Greenblatt on hopes, challenges for Trump peace plan
Over 100 people packed the second floor living room of the World Values Network on Manhattan’s Upper West Side on Tuesday evening for a lively panel discussion with Jason Greenblatt, President Trump’s Special Representative for International Negotiations, and New York Times columnist Bret Stephens. The conversation, held in advance of the much-anticipated peace deal rollout, was moderated by Rabbi Shmuley Boteach.
Greenblatt cautioned that the media reports about the administration’s peace plan being delayed were incorrect. “The only time in two years the administration has ever given a timeframe about the rollout was when President Trump said at the UN in September that he was aiming to release the plan within 2-4 months, which would put us at the end of January,” Greenblatt said. “We are watching what is happening in the region and we will release the plan when the time is right. We only have one shot at this, and we are going to pursue it and roll out the plan at the best possible time to get the best possible chance for positive engagement.”
Improving relations between Israel and several Arab countries are “cracks in the glass ceiling,” according to Greenblatt. “Two years ago, I never believed it was going to happen, but here we are today, it’s a remarkable change.” But he also cautioned that at the moment there’s a limit to how far Arab states will go in forming relations with Israel while the Palestinian issue remains unresolved. Pointing to the recent vote at the United Nations on the resolution against Hamas, Greenblatt stated that Arab states are willing to take steps towards Israel, “but there is a limit for the time being.” The Arab bloc vote against the U.S. resolution condemning Hamas, a terror organization, is an example of this.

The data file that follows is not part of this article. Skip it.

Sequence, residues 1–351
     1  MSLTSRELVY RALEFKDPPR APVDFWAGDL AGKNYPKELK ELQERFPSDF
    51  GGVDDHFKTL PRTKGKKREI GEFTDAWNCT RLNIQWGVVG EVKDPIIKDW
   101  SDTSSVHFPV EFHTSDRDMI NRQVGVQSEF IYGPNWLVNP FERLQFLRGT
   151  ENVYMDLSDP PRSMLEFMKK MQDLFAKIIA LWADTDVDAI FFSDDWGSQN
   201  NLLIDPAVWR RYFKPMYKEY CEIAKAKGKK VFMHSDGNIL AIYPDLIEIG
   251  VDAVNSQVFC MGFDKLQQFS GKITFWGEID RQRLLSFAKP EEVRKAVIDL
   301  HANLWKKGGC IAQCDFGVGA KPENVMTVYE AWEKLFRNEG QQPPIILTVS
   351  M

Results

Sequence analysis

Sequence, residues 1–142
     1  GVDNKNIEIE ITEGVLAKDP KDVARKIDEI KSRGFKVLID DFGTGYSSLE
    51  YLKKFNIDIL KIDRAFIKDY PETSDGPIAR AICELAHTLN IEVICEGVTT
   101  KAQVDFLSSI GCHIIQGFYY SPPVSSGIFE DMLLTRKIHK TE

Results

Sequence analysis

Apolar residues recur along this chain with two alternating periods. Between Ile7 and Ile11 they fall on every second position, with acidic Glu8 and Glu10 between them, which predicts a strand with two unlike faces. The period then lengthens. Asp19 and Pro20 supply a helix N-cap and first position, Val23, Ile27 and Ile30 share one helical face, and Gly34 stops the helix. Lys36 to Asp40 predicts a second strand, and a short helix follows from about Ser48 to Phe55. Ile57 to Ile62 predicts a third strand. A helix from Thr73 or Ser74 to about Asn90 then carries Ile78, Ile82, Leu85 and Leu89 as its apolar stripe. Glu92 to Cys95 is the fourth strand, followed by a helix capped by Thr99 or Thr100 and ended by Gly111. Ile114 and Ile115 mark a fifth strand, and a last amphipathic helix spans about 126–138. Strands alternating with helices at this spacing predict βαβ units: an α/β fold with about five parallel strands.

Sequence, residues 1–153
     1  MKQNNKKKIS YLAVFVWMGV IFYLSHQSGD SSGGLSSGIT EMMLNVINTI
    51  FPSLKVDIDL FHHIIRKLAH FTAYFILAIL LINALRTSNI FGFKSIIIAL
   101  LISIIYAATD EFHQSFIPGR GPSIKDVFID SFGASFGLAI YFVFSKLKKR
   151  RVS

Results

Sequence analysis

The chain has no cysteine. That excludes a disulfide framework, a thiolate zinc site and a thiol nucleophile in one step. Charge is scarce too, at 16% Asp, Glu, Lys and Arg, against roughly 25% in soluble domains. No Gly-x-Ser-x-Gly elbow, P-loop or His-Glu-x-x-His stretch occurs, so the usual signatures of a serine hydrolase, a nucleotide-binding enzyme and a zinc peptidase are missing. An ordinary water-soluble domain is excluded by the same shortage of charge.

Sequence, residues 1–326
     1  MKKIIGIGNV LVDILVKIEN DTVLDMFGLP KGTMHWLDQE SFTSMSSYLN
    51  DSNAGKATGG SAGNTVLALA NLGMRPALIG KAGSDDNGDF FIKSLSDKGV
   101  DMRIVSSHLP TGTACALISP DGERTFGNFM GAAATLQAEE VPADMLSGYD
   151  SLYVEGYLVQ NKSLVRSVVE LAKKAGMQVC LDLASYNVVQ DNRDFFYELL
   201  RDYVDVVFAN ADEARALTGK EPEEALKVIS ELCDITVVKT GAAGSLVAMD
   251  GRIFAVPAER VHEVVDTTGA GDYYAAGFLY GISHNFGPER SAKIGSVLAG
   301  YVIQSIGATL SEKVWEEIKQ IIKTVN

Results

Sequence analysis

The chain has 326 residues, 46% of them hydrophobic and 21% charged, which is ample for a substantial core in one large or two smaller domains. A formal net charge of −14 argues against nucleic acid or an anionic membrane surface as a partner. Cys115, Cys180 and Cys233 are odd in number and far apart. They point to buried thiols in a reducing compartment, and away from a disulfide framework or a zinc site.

“We do not believe that the Israeli-Palestinian conflict is the core conflict of the region,” Greenblatt asserted, adding that he does not even refer to possible negotiations between Israel and the Palestinians as the ‘Middle East peace process.’ The Middle East has numerous conflicts, “and if we are fortunate enough to be able to solve this conflict, it’s not going to solve the other serious conflicts in the region.” Admitting that solving the Israeli-Palestinian conflict may be “intractable” for the time being, Greenblatt emphasized that the White House believes there has been enough change on the ground to make it worth trying. “The administration has attempted to speak the truth about all the core issues and try to reset the table for possible negotiations,” he added.
The Mideast envoy expressed hope that when the plan is unveiled the Palestinian Authority will measure the level of benefit it can get out of the plan against its intent to reject the administration’s proposal. Greenblatt declined to offer specifics about the plan.
Greenblatt also explained that the administration has refrained from using the term “two state solution” since “it means different things to different people and that using the term has done nothing to advance the cause of peace. Instead, we are focused on a complete vision for peace. The plan is a comprehensive plan which will allow both sides to understand our vision for peace, how significantly their lives can be improved and the parties will have to decide for themselves if they want to make the compromises needed to achieve it.”